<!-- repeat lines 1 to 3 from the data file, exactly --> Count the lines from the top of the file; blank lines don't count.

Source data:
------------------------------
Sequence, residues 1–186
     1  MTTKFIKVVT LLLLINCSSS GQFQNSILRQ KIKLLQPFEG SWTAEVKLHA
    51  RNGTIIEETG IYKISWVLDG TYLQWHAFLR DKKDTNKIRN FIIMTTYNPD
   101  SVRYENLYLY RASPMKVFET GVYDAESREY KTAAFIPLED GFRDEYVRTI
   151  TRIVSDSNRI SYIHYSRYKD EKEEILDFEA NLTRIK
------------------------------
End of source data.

Sequence, residues 1–186
     1  MTTKFIKVVT LLLLINCSSS GQFQNSILRQ KIKLLQPFEG SWTAEVKLHA
    51  RNGTIIEETG IYKISWVLDG TYLQWHAFLR DKKDTNKIRN FIIMTTYNPD